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Courtesy of NFB

Everybody's Children

Documentary exposes the lack of support for minors seeking asylum

By Jasmine Budak

Everybody’s Children
Directed by Monika Delmos

Filmmaker Monika Delmos creates a touching portrait of two teenage refugees as they navigate life in Toronto and undergo permanent-residency processing. Their stories are harrowing. Sallieu Dainkeh, 16, is from war-stricken Sierra Leone, where he witnessed rebels kill his mother. Then there’s 17-year-old Joyce Nsimba, who fled a life of forced prostitution in the Democratic Republic of Congo. Both were smuggled into Canada — refugee minors alone, adrift and underserved by the system.

Delmos follows her characters for a year, capturing mundane teenage life — in home economics class, at the Eaton Centre yearning for things they can’t afford — and the hardships of starting a new life. Joyce seeks out the Salvation Army where she sings with the choir, and Sallieu finds solace among other migrants at the Matthew House, a refugee settlement shelter. He is frank about his isolation. He longs for people with whom he can “share ideas and stuff.” Even the ebullient Joyce, with her wide, warm face, projects a quiet loneliness even though she is happy to be in Canada, where she finally “has a place.”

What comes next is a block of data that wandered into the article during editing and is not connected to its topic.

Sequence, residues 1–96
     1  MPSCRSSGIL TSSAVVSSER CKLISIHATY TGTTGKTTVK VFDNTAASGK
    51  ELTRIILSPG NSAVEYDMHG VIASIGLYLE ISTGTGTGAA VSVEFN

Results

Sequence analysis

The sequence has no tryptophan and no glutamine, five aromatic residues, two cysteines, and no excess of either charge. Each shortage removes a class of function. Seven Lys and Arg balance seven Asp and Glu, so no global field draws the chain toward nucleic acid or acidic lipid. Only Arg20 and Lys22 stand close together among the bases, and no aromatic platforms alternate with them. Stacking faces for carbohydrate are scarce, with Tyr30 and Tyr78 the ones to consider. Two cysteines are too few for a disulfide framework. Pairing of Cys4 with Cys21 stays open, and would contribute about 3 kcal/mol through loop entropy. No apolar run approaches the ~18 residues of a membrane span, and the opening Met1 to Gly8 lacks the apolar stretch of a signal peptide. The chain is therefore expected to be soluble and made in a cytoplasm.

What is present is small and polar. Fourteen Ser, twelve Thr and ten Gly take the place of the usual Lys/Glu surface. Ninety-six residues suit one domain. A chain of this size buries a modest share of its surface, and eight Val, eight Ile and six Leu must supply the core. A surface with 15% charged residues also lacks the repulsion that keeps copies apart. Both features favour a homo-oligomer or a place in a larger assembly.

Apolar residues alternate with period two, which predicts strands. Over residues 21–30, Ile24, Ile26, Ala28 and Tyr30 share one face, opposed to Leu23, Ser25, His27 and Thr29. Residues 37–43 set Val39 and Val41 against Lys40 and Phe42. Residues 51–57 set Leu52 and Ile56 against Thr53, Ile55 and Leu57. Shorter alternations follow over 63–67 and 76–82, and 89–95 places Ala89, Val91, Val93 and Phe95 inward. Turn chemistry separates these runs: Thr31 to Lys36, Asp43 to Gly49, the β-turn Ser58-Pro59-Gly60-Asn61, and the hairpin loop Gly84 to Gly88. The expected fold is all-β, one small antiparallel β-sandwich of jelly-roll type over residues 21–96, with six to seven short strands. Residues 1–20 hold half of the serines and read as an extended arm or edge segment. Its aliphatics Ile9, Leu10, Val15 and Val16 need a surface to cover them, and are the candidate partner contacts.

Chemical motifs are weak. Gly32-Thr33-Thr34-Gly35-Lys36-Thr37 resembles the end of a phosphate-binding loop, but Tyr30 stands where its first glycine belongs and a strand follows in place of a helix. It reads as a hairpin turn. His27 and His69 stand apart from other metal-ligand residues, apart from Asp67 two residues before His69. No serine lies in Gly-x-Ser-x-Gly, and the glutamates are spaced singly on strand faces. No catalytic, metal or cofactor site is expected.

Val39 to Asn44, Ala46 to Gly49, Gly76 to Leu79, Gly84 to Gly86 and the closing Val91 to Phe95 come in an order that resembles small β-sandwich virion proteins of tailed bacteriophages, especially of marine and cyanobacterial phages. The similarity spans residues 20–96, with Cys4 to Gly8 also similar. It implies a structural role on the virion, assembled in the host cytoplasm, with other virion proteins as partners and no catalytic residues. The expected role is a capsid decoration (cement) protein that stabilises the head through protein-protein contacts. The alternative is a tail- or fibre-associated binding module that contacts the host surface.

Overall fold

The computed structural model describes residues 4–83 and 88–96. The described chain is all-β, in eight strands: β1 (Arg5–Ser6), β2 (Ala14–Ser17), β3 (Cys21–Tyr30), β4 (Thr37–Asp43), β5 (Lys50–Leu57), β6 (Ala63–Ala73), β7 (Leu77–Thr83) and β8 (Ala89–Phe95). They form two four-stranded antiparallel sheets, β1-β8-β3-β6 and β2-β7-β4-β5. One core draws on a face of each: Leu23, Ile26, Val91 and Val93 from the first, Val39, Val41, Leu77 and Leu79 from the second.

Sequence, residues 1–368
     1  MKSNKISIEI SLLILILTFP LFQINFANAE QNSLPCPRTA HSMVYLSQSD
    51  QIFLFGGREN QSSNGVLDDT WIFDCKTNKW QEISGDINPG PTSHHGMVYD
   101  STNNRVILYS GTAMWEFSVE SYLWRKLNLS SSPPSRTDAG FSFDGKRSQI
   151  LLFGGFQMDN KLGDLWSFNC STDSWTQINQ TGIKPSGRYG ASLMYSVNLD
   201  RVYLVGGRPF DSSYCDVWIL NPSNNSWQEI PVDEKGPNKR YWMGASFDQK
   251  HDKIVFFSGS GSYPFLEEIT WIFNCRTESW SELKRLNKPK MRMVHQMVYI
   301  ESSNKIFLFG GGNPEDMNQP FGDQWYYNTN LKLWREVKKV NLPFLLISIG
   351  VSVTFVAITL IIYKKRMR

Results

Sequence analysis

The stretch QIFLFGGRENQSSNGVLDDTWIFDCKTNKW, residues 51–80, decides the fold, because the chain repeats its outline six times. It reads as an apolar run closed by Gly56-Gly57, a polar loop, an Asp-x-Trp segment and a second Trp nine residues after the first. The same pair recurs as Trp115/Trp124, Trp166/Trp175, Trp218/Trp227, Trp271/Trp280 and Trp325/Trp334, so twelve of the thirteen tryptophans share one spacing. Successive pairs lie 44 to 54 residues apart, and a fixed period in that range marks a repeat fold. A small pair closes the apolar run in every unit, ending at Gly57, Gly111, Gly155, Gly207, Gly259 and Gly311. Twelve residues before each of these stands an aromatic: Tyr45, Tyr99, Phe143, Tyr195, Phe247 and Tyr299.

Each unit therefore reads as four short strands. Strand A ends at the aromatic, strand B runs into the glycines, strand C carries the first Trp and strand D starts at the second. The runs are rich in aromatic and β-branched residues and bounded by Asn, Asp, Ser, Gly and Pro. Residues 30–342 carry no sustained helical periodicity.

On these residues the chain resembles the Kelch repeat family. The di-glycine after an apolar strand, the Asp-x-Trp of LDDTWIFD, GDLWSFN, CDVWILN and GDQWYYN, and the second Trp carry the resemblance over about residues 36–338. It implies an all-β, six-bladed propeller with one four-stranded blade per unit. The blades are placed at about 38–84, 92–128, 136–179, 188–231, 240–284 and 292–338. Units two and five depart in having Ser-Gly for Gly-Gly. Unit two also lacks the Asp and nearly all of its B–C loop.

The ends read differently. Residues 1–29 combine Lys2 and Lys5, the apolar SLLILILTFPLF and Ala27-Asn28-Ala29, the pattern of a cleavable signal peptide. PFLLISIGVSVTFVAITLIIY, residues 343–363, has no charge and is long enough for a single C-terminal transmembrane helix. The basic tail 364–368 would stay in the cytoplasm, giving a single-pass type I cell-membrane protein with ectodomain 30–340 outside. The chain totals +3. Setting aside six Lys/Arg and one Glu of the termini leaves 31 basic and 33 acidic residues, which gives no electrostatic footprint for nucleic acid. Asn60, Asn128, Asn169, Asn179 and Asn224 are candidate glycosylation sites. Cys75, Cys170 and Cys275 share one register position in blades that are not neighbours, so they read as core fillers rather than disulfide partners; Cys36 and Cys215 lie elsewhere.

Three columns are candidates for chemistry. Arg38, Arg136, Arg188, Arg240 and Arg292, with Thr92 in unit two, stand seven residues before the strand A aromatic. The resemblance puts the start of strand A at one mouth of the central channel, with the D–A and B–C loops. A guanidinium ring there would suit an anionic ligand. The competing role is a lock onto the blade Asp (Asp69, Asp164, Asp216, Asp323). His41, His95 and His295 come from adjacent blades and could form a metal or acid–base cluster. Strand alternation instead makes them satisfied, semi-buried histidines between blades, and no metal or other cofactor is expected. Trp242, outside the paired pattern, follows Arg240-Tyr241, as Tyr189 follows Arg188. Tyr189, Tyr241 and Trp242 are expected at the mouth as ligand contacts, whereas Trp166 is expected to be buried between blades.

Through these characters, the film exposes the lack of support for unaccompanied minors seeking asylum. Sallieu and Joyce get through because of a few pivotal people.

“Most Canadians presume that for anyone that comes into Canada asking for asylum as a refugee that there’s a system in place, where they’re sheltered and welcomed and assisted,” says Anne Woolger-Bell, executive director of Matthew House. “There is nothing; they are numbered among the homeless, and most fall through the cracks because nobody knows about them.”  The government gives them $630 a month, which barely covers rent and food, and additional welfare payments are available as long as they stay in school. The application for permanent residency alone is $525.

Day-to-day troubles aside, Sallieu and Joyce are painfully aware of the fortunes of their new home. “Here you don’t think about someone coming up behind you with a machete,” says Sallieu. “Being here is like heaven.”


Jasmine Budak is a writer in Toronto.


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